January 4, 2023/Infectious Disease

Do You Still Need to Worry About Zika?

Zika is still a threat for some travelers, especially if you’re pregnant or trying to conceive

Mosquito on a forearm.

Remember Zika? It may have been a few years since you heard news headlines warning of it, but in many parts of the world, some risk still remains — especially for people who are pregnant or want to become pregnant.


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But it isn’t something you need to worry about contracting at home in the United States, says Ob/Gyn Oluwatosin Goje, MD, who specializes in infectious diseases. “Zika is not an epidemic in the U.S.,” she confirms. “In the continental U.S., the last cases of Zika transmission were reported in Florida and Texas in 2017.”

Since 2018, there have been no reports of Zika virus transmission by mosquitoes in the continental United States. And since 2019, there have been no confirmed Zika virus disease cases reported from United States territories.

But in other parts of the world, the Zika virus still looms. Dr. Goje explains what you need to know about it when you travel.

The Zika threat has significantly decreased, but it’s still there

In 2015 and 2016, a Zika outbreak had the world on edge, beginning in Brazil and soon traveling through South and North America. The U.S. saw transmission in Florida, Texas, Puerto Rico and the Virgin Islands.

Since then, cases have dramatically declined. As of the end of 2022, no countries are experiencing active Zika outbreaks — but that doesn’t mean the virus has disappeared.

“There’s been a massive decrease in reported Zika transmission, but some countries are still at risk,” Dr. Goje states. “There is currently no vaccine to prevent or medicine to treat Zika.”

Who’s at the highest risk for Zika?

The Zika virus is most commonly spread through Aedes aegypti mosquitoes (also known as yellow fever mosquitoes), which thrive in tropical climates.

It can also be transmitted through sex and pregnancy (from a pregnant parent to a fetus). Infection during pregnancy can cause other severe fetal birth defects.

“One of the main reasons not to travel to areas at risk of Zika is that it is known to cause birth defects in babies born to parents infected with the virus,” Dr. Goje notes.

Zika can cause serious birth defects, including brain damage and microcephaly, a condition that causes a baby to be born with a smaller head than expected. Zika also increases the risk of:

If you’re pregnant or trying to conceive (whether you could become pregnant yourself or impregnate a partner), medical professionals recommend that you proceed with caution when traveling to places with Zika risks.

Should you cancel travel plans because of Zika?

To learn whether there’s a risk of Zika in your travel destination, Dr. Goje recommends first checking the U.S. Centers for Disease Control and Prevention’s (CDC) interactive Zika map, which lists threat levels by country. It’s divided into these categories:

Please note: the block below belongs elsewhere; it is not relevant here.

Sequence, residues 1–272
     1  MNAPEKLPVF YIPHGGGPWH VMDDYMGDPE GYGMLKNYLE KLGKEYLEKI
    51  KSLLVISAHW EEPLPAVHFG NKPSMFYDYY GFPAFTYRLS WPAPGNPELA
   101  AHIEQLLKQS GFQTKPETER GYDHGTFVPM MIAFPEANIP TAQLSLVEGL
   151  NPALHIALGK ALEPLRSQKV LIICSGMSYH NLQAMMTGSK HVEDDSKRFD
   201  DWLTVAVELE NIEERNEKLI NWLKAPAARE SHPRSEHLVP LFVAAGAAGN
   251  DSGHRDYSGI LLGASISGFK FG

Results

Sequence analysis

• Areas with a current Zika outbreak. There are currently no active outbreaks anywhere in the world. When there are, experts say people who are trying to conceive should avoid traveling to these countries.
  • Areas that have ever reported cases of Zika, whether now or in the past.
  • Areas that are home to Aedes aegypti mosquitoes but have never reported cases of Zika. The CDC says, “Zika has the potential to be present, along with other mosquito-borne infections.”
  • Areas that don’t have Aedes aegypti mosquitoes. This includes all of Canada, parts of Northern Africa, most of the U.K. and Scandinavia and much of the Middle East. But the CDC notes that other types of mosquitoes may carry Zika, and those mosquitoes could reside in these places.


If you’re debating traveling to a country where Zika is a risk, the decision to cancel or postpone your trip is personal and complex.

“You’ll have to consider your travel destination and protect yourself accordingly,” Dr. Goje says. “You’ll also need to share your decision with your partner and doctor and discuss what that means.”

What precautions should you take against Zika?

If you find yourself traveling to an area that has or has had Zika, try to avoid mosquito bites. During your trip, you should:

  • Wear proper insect repellent.
  • Cover exposed skin with long sleeves and pants.
  • Sleep indoors or in areas enclosed by screens or nets.

If you could become pregnant or could get someone pregnant, you’ll have to take precautions when you get home, too.

“If a couple decides that they’re going to travel to a Zika destination, they will need to decide that they won’t try for pregnancy for the first three months that they’re back,” states Dr. Goje. “This can mean abstaining from sex altogether or using contraception, like birth control or condoms.”

If you’re not part of a couple but are sexually active, the amount of time that you should abstain or use contraception when you get home depends on which reproductive organs you have.

  • If you were assigned female at birth: Zika can be transmitted from birth parent to fetus, so try not to become pregnant for two months after returning from your destination.
  • If you were assigned male at birth: Zika can live longer in semen than in other bodily fluids, so avoid creating a pregnancy for at least three months.

Doctors can help treat the symptoms of Zika, but there still isn’t a cure. “People who travel globally should know how to prepare and what to do and look for upon their return,” Dr. Goje advises. “Prevention and awareness are your best defenses.”


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